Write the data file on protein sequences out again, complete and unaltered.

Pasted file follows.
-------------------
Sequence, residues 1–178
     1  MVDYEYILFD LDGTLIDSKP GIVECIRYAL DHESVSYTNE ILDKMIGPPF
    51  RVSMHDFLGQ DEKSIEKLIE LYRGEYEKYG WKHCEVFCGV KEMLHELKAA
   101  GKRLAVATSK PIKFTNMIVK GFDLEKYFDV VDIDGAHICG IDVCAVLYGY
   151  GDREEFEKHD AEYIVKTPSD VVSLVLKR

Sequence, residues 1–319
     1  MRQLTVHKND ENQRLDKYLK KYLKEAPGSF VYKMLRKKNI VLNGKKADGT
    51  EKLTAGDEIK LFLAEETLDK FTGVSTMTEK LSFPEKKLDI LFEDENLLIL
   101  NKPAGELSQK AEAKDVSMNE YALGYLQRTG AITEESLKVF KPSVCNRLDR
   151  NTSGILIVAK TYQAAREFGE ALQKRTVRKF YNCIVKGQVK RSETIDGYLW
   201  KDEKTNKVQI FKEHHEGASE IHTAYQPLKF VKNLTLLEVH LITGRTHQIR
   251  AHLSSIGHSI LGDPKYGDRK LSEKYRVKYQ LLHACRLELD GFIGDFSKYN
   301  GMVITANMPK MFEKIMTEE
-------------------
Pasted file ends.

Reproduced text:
Sequence, residues 1–178
     1  MVDYEYILFD LDGTLIDSKP GIVECIRYAL DHESVSYTNE ILDKMIGPPF
    51  RVSMHDFLGQ DEKSIEKLIE LYRGEYEKYG WKHCEVFCGV KEMLHELKAA
   101  GKRLAVATSK PIKFTNMIVK GFDLEKYFDV VDIDGAHICG IDVCAVLYGY
   151  GDREEFEKHD AEYIVKTPSD VVSLVLKR

Sequence, residues 1–319
     1  MRQLTVHKND ENQRLDKYLK KYLKEAPGSF VYKMLRKKNI VLNGKKADGT
    51  EKLTAGDEIK LFLAEETLDK FTGVSTMTEK LSFPEKKLDI LFEDENLLIL
   101  NKPAGELSQK AEAKDVSMNE YALGYLQRTG AITEESLKVF KPSVCNRLDR
   151  NTSGILIVAK TYQAAREFGE ALQKRTVRKF YNCIVKGQVK RSETIDGYLW
   201  KDEKTNKVQI FKEHHEGASE IHTAYQPLKF VKNLTLLEVH LITGRTHQIR
   251  AHLSSIGHSI LGDPKYGDRK LSEKYRVKYQ LLHACRLELD GFIGDFSKYN
   301  GMVITANMPK MFEKIMTEE